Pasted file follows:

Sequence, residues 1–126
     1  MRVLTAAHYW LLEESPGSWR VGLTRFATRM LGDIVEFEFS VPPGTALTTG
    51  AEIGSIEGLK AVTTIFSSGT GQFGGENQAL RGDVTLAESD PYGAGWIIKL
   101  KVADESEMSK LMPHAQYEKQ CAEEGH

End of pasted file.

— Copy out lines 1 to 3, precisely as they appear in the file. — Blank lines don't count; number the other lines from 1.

Sequence, residues 1–126
     1  MRVLTAAHYW LLEESPGSWR VGLTRFATRM LGDIVEFEFS VPPGTALTTG
    51  AEIGSIEGLK AVTTIFSSGT GQFGGENQAL RGDVTLAESD PYGAGWIIKL